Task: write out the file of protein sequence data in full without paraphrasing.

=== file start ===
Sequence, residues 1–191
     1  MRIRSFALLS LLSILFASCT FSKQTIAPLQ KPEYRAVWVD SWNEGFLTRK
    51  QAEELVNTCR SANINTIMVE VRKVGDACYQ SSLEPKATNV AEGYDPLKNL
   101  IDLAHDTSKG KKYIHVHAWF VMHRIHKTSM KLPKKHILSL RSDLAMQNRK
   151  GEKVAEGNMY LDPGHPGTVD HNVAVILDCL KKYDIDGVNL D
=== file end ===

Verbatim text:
Sequence, residues 1–191
     1  MRIRSFALLS LLSILFASCT FSKQTIAPLQ KPEYRAVWVD SWNEGFLTRK
    51  QAEELVNTCR SANINTIMVE VRKVGDACYQ SSLEPKATNV AEGYDPLKNL
   101  IDLAHDTSKG KKYIHVHAWF VMHRIHKTSM KLPKKHILSL RSDLAMQNRK
   151  GEKVAEGNMY LDPGHPGTVD HNVAVILDCL KKYDIDGVNL D